A Beach Of Your Own

A Beach Of Your Own

We owe our discovery of the beach at Snow Hill to the flowers. 

Someone had told us about Dixon Family Farm, an old corn and bean farm in St. Mary’s County that now grows lavender and runs a pick-your-own-flowers operation. That sounded right up our alley, especially when we looked online and saw that the farm appeared to be right on the banks of the Patuxent, Maryland’s quintessential scenic river.

It was also surprising, though. 

According to Google Maps, Dixon Family Farm was on Sandgates Road, a U-shaped road that runs north from busy Three Notch Road straight down to the Patuxent, then reverses course, returning to Three Notch just a few miles south from where it started. But we had driven up and down Three Notch dozens of times and I didn’t remember seeing any turn-off for a road named Sandgates, let alone two. 

That was especially puzzling. Since we’re always on the lookout for a new beach or a place to launch our paddleboards, I thought we had explored every road that might get us a little closer to the river.  

Not surprisingly, though, Google was right. And although the turn off wasn’t obvious, once we found it, Sandgates turned out to be another one of those sweet country roads that make Sunday driving in Maryland so pleasant. 

The first surprise is when you finally reach the river. There, almost side by side on the banks of the Patuxent, are not one, but two crab houses — the Sandgates Inn and Seabreeze Restaurant & Tiki Bar. Even though I’ve developed an alergy to crabs, the memory of all the crab cakes I’ve eaten at waterfront restaurants like these two (I’m talking about you, Cantler’s) always leaves me a little nostalgic. If we hadn’t already eaten, we would certainly have dropped in for the oysters at least. 

Dixon Family Farm was just a hop, skip and a jump down the road. We were expecting a typical four-square farm house with a row of dormers on the roof. Instead, up on bluff overlooking the river sits the former Fenwick Manor, a 17th Century plantation house that the Dixon’s have renovated into a bed and breakfast. The B&B is called Susannah’s Watch in honor Susannah Marie Darnall Lowe, who lived in the house in the late 1600s.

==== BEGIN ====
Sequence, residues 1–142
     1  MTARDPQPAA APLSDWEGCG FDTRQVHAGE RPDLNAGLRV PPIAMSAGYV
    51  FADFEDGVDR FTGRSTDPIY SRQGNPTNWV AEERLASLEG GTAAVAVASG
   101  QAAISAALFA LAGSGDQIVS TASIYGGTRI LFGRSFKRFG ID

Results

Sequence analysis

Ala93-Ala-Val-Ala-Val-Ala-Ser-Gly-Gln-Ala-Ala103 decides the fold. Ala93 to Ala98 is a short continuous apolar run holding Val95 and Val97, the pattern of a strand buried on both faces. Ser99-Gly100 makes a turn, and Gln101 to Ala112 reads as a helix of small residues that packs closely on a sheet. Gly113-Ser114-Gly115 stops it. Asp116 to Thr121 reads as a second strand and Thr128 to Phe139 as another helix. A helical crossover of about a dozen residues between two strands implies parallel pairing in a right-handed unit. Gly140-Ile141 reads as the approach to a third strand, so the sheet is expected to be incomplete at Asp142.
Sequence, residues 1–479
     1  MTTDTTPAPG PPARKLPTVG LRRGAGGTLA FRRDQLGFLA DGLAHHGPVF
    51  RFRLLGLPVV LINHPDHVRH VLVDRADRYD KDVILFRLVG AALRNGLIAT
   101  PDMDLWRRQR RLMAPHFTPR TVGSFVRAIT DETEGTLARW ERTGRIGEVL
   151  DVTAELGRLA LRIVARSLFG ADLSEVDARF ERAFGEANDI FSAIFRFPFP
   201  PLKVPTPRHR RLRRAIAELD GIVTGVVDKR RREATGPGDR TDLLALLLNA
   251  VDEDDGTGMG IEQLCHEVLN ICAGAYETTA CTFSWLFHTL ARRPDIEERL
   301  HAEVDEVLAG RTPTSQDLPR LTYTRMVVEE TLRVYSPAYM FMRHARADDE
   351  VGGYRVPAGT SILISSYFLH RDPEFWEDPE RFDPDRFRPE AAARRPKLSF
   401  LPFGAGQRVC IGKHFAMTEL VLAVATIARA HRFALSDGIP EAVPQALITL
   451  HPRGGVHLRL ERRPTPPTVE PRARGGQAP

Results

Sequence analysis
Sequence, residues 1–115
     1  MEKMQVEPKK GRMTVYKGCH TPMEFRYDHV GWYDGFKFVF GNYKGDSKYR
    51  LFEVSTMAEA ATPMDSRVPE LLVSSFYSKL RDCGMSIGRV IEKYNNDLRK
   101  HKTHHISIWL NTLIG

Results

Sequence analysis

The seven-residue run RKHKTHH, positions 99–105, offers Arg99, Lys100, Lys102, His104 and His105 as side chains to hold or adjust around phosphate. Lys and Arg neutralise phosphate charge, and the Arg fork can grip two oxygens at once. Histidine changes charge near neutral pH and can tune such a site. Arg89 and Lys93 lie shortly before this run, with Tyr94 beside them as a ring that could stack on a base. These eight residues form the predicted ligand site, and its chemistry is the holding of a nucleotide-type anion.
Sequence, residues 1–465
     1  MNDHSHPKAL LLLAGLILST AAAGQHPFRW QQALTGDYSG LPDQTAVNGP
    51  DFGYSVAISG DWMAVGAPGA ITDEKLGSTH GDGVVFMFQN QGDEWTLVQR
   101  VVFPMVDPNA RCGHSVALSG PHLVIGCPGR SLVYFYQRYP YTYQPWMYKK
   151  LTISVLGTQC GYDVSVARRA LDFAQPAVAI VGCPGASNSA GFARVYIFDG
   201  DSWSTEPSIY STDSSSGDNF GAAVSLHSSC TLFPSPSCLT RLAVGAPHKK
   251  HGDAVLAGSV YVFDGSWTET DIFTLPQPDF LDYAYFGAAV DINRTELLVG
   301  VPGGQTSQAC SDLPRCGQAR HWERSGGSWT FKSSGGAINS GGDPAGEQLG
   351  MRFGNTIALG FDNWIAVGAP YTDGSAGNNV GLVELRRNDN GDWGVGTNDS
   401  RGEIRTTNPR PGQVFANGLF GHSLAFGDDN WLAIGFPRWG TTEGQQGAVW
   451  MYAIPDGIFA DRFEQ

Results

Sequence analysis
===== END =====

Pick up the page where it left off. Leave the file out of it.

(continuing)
There was some construction work going on the day we visited, but a subsequent glance at the website suggests it’s a good place to stage an extended visit to St. Mary’s County. 

The farm itself is up the hill behind the house. You’ll probably find Jeff and Claudine Miller, the current owners, under a big tent beside the barn. (Claudine is a Dixon on her mother’s side.) If you prefer, they’ll hand you some shears to cut your flowers and a pitcher to hold them in and send you on your way. But they’re happy to chat with you and tell you about the farm and the B&B. It’s worth taking the time to listen; the Millers aren’t your typical farmers.

Most people are there for the flowers, though. 

Row after row of long beds are spread out on a wide terrace above the manor house. Most of the rows are planted with a diverse mix, so there are dozens of different kinds of flowers to choose from. And the slopes both above and below the cut-flower operation are planted in several varieties of lavender, which are also available in season. In addition, the Millers sell body and bath products made with the distilled oils of lavender, honey and beeswax, all produced on the farm. 

Or, you can just take in the river view. It’s all worth the trip. 

But the biggest surprise was just a little farther up Sandgates Road. Shortly south of Dixon Family Farm, road signs toward Snow Hill Park caught our attention. 

Veering left, we found ourselves crunching along a gravel road. After a few minutes, we came to a gatehouse. Ahead, we could see more farmland and what looked like a large old farmhouse on the riverside. Beyond that, there were picnic tables and a few people having a barbeque. Off to the left, there was a marshy creek and a kayak launch. It was looking like we hit paydirt. 

Still eager to get closer to the river, we asked the gatekeeper to tell us the story of this place. 

Turns out, when the old Snow Hill farm went up for sale a couple of years ago, St. Mary’s County and the Navy partnered up to buy the place and turn it into a park. It’s still a little unclear why the Navy was involved (something about air space and noise on the flight path for Patuxent Naval Air Station a few miles downstream,) but St. Mary’s is crawling with lovely riverside parks, so that part of the story made sense. 

There was supposed to be a small fee for entry on the weekend, but since it was late in the afternoon and we were only there to look around for a bit, the gatekeeper let us in. It was only when we pulled into the gravel lot beside the farmhouse that we realized the beach was there.

And what a beach it is. It’s a wide, sandy beach nestled into a cove that faces out onto the broad and placid Patuxent. The beach backs up to farmland and it’s clear that someone occasionally brings a tractor down to groom the sand. This small beach would look at home at a Caribbean resort.  

Upstream, the beach is a little wilder, forming a sandbar across the mouth of the marshy creek. We stood for a moment on the now deserted beach and watched a couple of kayakers pick their way through the shallow marsh and out into the clear, deep waters of the Patuxent.  

There’s nothing as picturesque as a secret beach. 

Dennis Hollier
Dennis Hollier

Dennis is a travel, science, and business writer who has traveled all his life. The son of an Air Force pilot, he was born in England and lived in ten states growing up. Much of his youth was spent in Hawaii and Southeast Asia, where he traveled widely, including extended visits to New Delhi, Singapore, Hong Kong, Vientiane, and old Rangoon.

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